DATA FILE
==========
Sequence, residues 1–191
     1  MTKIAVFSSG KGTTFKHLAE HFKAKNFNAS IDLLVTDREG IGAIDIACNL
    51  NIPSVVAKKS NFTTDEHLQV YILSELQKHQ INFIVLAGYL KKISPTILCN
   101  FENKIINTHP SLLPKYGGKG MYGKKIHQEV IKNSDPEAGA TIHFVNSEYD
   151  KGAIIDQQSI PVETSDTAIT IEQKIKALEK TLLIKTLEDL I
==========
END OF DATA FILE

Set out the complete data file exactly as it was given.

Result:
Sequence, residues 1–191
     1  MTKIAVFSSG KGTTFKHLAE HFKAKNFNAS IDLLVTDREG IGAIDIACNL
    51  NIPSVVAKKS NFTTDEHLQV YILSELQKHQ INFIVLAGYL KKISPTILCN
   101  FENKIINTHP SLLPKYGGKG MYGKKIHQEV IKNSDPEAGA TIHFVNSEYD
   151  KGAIIDQQSI PVETSDTAIT IEQKIKALEK TLLIKTLEDL I